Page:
Antibiotics had been used in present study by self-medication (6.7%) of the total participants. This result was similar to other results reported by studies done in Karachi19 and India20. In addition, studies from Nigeria21 and Egypt2 have reported a higher percentage in antibiotics as self‑medication. The current study revealed that participants thought that antibiotics are effective in the treatment of both bacterial and viral infection.
Pavydė et al.,22 showed that almost half of the respondents incorrectly identified antibiotics as being effective either in treating viral or mixed (bacterial and viral) infections. Also found cough preparation had (5.7%) of uses of the total participants. Incorrect self‑diagnosisand, drug‑ drug interaction were the most common concerns about self‑medication found in our study. These findings were similar to observations made in Bahrain18 and Egypt 17. In general pharmacy practices is very good, most of pharmacist provided information about drug interactions if taking this medicine without a prescription (84.6%) and did not face difficulties to find information about the medicine (91.3%).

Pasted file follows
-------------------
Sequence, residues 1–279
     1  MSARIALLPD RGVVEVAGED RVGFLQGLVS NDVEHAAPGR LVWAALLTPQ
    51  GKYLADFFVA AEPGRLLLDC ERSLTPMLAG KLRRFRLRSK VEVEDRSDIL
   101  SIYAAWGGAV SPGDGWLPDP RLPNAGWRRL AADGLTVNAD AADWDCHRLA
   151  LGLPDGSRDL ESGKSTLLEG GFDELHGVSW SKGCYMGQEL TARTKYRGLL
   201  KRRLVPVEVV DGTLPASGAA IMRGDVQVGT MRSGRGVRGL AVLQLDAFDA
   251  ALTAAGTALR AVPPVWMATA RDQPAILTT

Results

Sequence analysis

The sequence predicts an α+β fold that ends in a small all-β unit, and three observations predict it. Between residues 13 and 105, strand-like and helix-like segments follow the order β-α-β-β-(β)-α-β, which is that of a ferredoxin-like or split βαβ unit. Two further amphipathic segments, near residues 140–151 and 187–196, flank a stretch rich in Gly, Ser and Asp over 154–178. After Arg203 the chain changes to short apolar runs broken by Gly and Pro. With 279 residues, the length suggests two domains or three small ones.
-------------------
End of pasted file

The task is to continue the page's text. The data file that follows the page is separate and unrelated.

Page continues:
Through this study, we found that analgesic antipyretics most of the medication consuming by self medication followed by antibiotics and cough preparations, we found also bad knowledge and attitude toward the self medication in Derna city, but the pharmacy practices was good, incorrect self diagnosis and risk of drug interaction and serious of adverse effects is the most common problem that face the self medication, therefore, it is recommended that the public should be educated on the use of OTC medications to increase their knowledge and awareness and facilitate responsible self-care.
Also we suggest further research conduction in regards to the practice of self medication with traditional medicine were remarkably used in our country and Future research regarding the self medication among larger samples in different cities of Libya.
CONFLICTS OF INTEREST
We hereby declare that there are no conflicts of interest regarding the publication of this study.
We express our deep sense of gratitude to all of the esteemed participants for their support and cooperation to make this study possible. We would also like to express our gratitude to the pharmacists : Ahmad Elwederny, Aziza Eltashany, Aya Elhasy, Gofrane Elbah, and Monia Sultan for the assistance in collection of data.
This work was carried out in collaboration with all of the authors.Author AAAR designed the study, wrote the protocol, collected the data and wrote the manuscript. Author RAE performed all of the statistical analyses and wrote the results. Author YSEM and NAMI managed the literature review. All authors reviewed and approved the final manuscript.